The science influencer
Hodcroft had 800 followers on Twitter in January 2020. Four months later, she has almost 18,000. “I try hard to do as much as I can because I feel I’m good at science communication. I instinctively started reacting when I saw misinformation. At the beginning, a lot of people were hearing mixed messages, from ‘it’s no worse than the flu’ to ‘well, the situation in China looks worrying’. I wrote a thread differentiating preparedness from panic, because I felt the message was not clearly communicated by governments. My tweets generated more and more reactions, and I realised I needed a system to deal with it: I won’t respond to comments that are mean, rude or loony. But I do give people the benefit of the doubt because I think they might be scared by the disease. I still have to remind myself that I don’t owe anyone an answer on Twitter if I don’t want to. As a young woman rising on social media, I consider myself lucky: I did not experience proper harassment – usually, rude comments or weird pictures are sent only once”.
She says that Twitter has been used a lot, not just to talk to lay people, but also for constructive scientific discussion between researchers about the latest data and analyses: “Usually, researchers communicate by publishing letters in scientific journals. We just don’t have the time for that!”
Money for others
In a noted tweet, Hodcroft highlights a conundrum: special funding schemes for Covid research are great, but might select the wrong kind of researchers: “Those working on #SARSCoV2 *right now* are those least able to write grants!” Currently working some 80 hours a week, she says she would struggle to find the time to fill in grant proposal forms. Many underfunded scientists are in the same situation, she says, but keep adding hours for urgent research on Covid-19. She suggests a completely different way of funding research: “Instead of selecting projects on the basis of what they promise, funders could allocate money a posteriori, according to the output of research which has been already done during the pandemic”.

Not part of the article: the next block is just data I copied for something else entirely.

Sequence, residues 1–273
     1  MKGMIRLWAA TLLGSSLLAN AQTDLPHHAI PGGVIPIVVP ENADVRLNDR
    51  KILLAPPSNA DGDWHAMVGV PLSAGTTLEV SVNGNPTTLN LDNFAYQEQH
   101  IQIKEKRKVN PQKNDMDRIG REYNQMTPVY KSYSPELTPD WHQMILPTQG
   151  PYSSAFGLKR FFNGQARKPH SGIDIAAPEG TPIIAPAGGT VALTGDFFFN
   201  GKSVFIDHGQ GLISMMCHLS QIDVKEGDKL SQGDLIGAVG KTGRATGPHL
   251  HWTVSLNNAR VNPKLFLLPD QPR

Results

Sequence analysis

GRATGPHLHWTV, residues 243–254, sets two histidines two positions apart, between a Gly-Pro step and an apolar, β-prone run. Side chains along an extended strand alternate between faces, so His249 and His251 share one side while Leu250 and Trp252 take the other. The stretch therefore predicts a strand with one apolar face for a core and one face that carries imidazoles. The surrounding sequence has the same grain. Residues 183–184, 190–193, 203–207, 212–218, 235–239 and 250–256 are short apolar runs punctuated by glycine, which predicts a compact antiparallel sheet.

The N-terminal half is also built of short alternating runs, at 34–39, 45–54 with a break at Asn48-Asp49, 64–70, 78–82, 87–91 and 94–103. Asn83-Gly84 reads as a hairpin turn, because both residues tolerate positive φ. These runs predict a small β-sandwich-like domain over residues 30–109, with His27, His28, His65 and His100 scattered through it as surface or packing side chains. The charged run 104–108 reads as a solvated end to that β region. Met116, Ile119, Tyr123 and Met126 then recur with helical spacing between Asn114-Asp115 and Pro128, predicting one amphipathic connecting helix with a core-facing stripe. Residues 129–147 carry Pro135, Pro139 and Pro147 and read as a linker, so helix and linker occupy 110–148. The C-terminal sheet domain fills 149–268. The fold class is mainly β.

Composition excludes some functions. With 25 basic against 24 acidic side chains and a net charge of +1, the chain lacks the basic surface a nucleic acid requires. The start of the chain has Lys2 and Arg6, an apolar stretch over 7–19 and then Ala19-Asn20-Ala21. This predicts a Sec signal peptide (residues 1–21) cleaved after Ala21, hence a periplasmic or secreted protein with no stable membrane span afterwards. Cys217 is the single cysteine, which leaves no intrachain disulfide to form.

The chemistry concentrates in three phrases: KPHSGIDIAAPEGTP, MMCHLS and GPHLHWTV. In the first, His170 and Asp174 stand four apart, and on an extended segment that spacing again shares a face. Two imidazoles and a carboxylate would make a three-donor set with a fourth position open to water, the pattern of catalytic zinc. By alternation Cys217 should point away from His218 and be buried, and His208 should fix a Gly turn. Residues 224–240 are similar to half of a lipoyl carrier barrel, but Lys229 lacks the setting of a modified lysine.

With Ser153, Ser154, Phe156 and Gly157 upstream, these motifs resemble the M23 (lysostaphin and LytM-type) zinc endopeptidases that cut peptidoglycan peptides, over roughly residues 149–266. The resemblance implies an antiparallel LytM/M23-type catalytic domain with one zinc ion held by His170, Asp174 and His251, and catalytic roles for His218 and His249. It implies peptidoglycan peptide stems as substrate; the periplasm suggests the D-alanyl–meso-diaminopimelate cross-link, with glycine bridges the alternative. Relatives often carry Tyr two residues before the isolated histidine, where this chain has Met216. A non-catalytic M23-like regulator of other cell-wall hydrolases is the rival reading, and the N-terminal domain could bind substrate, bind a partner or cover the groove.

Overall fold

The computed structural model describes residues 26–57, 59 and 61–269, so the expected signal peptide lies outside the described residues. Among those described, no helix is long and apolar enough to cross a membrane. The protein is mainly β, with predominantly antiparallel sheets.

But does she actually need money for her work? “Not really for myself, because of great support from the University of Basel. But many labs around the world, in Greece or Portugal in particular, cannot buy the reagents necessary to sequence virus samples, which is the genomic data needed by Nextstrain. So I’d like funding to be able to pay them for that”.
During our two-hour conversation, Hodcroft paints an intricate picture of how scientists work, think and feel in times of crisis. She provides clear answers, original perspectives, strong opinions and names relevant sources, but keeps stressing the limits of what she knows.
At 33, she finds herself in a crucial moment in her career. Her publication record now starts to count a lot, and she wonders whether her CV will really benefit from all the time invested in communicating and sharing data. While her work is obviously having an immense societal impact, the latter is not captured by the usual metrics for measuring scientific careers. As of April 2020, her publications had been cited a relatively modest 410 times. “But the greater goal is not me”, she says. “It’s to help the world by understanding it”.
This article was originally published in Horizons: The Swiss Research MagazineExternal link of the Swiss National Science Foundation (SNSF) and the Swiss Academies of Arts and Sciences.
This article was automatically imported from our old content management system. If you see any display errors, please let us know: firstname.lastname@example.org